Video on demand to reach two-thirds of Australians by year’s end

A report has shown that more than two thirds of online Australians over 16 will be watching video on demand (VoD) by the end of 2016, but TV remains the dominant medium in Australian households.

Nielsen’s ‘18th Australian Connected Consumer Report’ forecasts that 67% of online Australians will be watching VoD services by the end of the year.

VoD usage at the beginning of this year sat at 59%, after a 4% increase in 2015, and looks to be growing steadily.

56% of users view VoD content on their household TV, a 12% increase since 2014.

89% of the online population watch traditional broadcast or time-shifted TV, cementing its position as the dominant format.

TV catch up services – like SBS On Demand and ABC iView – are the most popular form of video on demand, with 39% of Australia’s online population using these services.

Lillian Zrim, associate director, marketing effectiveness and cross platform insights at Nielsen expects paid VoD services will increase in popularity too.

“We believe Netflix access among the online population will increase by 11% in 2016, meaning over a quarter of the online population,” she says. “We are also forecasting that Stan will increase by 8% this year to reach 11% of the population. We’re predicting growth for most VoD services this year based on 2015 numbers.”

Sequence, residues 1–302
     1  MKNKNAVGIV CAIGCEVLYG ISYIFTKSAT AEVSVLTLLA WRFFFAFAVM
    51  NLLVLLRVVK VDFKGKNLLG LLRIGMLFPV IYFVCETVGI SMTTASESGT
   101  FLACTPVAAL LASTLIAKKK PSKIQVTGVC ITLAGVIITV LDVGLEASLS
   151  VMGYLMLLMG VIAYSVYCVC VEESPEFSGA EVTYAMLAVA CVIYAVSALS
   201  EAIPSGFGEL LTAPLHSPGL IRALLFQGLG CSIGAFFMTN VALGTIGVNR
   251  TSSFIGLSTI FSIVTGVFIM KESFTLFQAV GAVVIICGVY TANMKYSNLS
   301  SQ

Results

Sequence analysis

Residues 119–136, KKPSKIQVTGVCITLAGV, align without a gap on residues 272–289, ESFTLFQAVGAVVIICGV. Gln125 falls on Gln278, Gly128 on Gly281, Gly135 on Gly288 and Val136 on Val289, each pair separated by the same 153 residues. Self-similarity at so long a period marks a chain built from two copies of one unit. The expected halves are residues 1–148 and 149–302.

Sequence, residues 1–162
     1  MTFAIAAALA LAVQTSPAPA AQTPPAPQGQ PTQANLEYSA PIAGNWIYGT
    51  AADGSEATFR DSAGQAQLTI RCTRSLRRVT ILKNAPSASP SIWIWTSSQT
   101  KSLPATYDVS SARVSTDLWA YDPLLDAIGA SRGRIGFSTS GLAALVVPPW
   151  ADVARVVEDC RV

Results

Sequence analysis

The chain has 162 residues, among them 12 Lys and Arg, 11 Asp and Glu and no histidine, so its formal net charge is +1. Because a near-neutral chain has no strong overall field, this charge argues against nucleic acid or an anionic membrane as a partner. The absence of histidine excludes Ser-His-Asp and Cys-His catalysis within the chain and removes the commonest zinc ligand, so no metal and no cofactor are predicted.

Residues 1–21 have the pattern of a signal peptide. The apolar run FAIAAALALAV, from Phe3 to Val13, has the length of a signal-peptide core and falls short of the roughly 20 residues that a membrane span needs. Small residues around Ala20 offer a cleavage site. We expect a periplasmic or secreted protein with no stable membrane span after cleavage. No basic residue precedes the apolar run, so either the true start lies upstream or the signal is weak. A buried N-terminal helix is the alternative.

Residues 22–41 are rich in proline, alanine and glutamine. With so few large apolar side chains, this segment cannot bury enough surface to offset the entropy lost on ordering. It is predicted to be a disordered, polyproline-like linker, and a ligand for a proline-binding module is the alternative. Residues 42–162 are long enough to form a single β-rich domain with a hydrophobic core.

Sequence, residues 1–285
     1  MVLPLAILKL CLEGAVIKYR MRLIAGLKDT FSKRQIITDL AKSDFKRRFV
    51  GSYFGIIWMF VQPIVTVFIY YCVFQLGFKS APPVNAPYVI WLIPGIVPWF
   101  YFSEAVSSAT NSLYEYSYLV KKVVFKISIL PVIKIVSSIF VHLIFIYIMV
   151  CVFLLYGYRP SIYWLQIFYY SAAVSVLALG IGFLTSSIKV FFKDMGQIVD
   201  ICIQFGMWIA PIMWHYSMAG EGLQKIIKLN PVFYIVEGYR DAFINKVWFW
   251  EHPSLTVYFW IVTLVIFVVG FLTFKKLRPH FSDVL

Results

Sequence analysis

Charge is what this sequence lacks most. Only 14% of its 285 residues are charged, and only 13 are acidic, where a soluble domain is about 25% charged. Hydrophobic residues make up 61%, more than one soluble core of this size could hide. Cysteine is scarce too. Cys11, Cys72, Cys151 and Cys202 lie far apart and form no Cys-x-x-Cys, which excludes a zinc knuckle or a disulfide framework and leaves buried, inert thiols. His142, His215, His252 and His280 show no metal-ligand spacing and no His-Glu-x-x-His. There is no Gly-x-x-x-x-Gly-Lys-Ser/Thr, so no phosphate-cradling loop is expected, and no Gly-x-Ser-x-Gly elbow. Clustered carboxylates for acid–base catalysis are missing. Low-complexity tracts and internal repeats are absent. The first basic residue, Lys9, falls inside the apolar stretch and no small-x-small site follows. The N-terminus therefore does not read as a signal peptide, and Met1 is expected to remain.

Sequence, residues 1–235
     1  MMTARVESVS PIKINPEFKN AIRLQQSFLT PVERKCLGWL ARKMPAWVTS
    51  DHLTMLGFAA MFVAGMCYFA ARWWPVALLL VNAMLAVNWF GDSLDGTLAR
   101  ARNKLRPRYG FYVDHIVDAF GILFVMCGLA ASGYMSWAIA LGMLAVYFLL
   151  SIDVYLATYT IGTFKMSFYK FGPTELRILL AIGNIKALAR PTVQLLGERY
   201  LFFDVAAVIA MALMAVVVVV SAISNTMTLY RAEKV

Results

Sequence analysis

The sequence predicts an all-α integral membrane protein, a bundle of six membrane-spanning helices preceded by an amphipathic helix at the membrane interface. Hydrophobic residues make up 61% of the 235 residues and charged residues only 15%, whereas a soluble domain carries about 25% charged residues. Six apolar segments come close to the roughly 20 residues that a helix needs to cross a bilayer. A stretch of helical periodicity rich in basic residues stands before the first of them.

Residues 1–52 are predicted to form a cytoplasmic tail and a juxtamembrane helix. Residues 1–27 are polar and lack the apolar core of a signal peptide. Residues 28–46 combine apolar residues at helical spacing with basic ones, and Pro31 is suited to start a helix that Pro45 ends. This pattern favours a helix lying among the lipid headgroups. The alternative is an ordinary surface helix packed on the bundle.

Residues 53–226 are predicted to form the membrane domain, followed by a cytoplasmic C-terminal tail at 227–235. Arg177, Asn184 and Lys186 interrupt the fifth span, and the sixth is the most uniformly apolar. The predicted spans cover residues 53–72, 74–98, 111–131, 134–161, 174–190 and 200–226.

56% of users view VoD content on their household TV, a 12% increase since 2014.

“The TV screen is a central part of the Australian home, and people want to watch content on large screens for the best experience possible,” says Zrim.

“While traditional TV remains dominant, Australians are viewing more video content across the various catch-up and subscription services because there is more choice, more up to date content and appealing exclusive content. This is driving a real interest in trialling and subscribing.”

Pirated content dropped 10% in 2015, due in part to publishers offering VoD content at competitive prices and delivering overseas content faster than previously available via television, and ongoing federal government crackdowns on pirate sites.

 

Ben Ice
BY Ben Ice ON 3 May 2016